Objective research to aid investing decisions

Value Investing Strategy (Strategy Overview)

Allocations for April 2024 (Final)

Momentum Investing Strategy (Strategy Overview)

Allocations for April 2024 (Final)
1st ETF 2nd ETF 3rd ETF

A Better Way to Define Value?

| | Posted in: Value Premium

Is the book-to-market ratio (B/M) the most efficient way to identify value stocks? In their October 2009 paper entitled “The Enterprise Multiple Factor and the Value Premium”, Tim Loughran and Jay Wellman investigate the Enterprise Multiple (EM), calculated as (equity value + debt value + preferred stock – cash)/ EBITDA, as a replacement for B/M in defining value. Using common stock prices and accounting data for a broad sample of non-financial firms (with outliers suppressed) over the period 1963 through 2008, they conclude that:

  • EM generates an annual value premium of 5.8% per year over the entire sample period (compared to 4.8% for B/M during 1926-2004).
  • EM captures more premium than B/M for all five quintiles of firm size and is much less dependent on small stocks for its overall premium (see chart below).
  • In the top three quintiles of firm size (accounting for about 94% of total market capitalization), EM is a highly significant measure of relative value, while B/M is not.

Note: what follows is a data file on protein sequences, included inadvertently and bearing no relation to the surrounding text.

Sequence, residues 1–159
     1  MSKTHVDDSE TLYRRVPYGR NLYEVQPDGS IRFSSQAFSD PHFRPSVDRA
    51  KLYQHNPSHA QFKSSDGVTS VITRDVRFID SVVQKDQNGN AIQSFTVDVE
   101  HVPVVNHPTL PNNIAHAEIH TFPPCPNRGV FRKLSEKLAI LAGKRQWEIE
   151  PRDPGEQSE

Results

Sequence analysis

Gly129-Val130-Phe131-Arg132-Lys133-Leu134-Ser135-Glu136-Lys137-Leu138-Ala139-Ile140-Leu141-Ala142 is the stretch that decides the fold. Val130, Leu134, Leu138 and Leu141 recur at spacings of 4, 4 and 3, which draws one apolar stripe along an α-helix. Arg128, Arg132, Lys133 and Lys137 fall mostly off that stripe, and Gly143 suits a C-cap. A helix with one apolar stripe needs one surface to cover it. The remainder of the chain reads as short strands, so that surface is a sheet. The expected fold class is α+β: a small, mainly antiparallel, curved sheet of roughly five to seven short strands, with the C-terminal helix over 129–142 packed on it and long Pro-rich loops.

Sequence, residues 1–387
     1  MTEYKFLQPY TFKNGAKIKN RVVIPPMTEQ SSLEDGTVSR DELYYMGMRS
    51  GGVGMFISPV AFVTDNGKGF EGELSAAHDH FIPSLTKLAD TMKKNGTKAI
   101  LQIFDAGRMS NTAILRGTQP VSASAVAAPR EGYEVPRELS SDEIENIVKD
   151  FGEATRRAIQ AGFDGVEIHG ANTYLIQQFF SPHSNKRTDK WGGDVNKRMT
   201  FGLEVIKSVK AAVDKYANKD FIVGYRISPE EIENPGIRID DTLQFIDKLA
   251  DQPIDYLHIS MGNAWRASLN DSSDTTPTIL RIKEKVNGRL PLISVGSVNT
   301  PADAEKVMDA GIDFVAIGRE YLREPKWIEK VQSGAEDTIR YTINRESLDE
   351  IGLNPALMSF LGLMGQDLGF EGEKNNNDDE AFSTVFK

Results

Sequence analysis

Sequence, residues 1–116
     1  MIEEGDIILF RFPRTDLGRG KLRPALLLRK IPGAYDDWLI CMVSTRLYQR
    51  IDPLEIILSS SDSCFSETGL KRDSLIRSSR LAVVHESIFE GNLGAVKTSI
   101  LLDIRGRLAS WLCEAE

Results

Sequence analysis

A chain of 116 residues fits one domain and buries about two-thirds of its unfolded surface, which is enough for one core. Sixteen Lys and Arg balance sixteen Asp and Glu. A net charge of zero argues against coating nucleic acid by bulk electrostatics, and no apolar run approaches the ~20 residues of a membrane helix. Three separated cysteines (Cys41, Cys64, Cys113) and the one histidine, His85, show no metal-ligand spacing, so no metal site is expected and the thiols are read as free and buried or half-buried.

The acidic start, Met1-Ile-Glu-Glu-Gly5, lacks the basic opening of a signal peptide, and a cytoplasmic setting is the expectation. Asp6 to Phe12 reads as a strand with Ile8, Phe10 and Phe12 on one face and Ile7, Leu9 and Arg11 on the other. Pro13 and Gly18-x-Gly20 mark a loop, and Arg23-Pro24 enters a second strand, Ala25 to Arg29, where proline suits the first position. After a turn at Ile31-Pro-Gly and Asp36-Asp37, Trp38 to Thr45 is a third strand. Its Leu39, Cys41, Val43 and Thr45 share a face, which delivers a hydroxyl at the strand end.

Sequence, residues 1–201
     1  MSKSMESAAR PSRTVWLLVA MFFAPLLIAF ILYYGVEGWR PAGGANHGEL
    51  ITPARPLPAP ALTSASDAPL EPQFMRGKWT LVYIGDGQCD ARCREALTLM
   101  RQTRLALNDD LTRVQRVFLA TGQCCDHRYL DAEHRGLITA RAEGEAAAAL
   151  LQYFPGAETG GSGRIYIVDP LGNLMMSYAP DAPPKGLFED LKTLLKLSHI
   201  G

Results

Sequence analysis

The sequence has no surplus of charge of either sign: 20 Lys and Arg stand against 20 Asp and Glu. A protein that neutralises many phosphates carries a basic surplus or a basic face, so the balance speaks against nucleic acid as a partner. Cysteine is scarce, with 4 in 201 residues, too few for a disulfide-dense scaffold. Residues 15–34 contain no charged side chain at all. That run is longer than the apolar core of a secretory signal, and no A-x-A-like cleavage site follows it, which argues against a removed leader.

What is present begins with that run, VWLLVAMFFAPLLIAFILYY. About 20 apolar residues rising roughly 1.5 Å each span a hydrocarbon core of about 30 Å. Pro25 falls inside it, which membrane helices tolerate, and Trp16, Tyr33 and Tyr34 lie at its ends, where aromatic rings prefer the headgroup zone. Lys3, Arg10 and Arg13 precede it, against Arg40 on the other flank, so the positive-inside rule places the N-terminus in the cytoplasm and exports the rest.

• EM remains highly significant after controlling for the January effect and after removing low-priced (<$5) stocks.
  • EM outperforms Tobin’s q as a predictor of stock returns.
  • Evidence from the UK and Japan confirms that EM is a highly significant measure of relative value.

The following chart, constructed from data in the paper, compares value premiums derived from the Enterprise Multiple (EM) and the book-to-market ratio (B/M) by quintile of firm size over the entire sample period and the entire sample of stocks. The value premium for each size quintile is the average annual return (July through June) for the 20% of stocks with the lowest (highest) EM (B/M) minus the average annual return of the 20% of stocks with the highest (lowest) EM (B/M). Results show that the EM-based value premium is: (1) consistently higher across the size quintiles; and, (2) overall less driven by the smallest stocks.

In summary, investors may be able to exploit the value premium more efficiently and completely by defining it using the Enterprise Multiple rather than the book-to-market ratio.

Daily Email Updates
Filter Research
  • Research Categories (select one or more)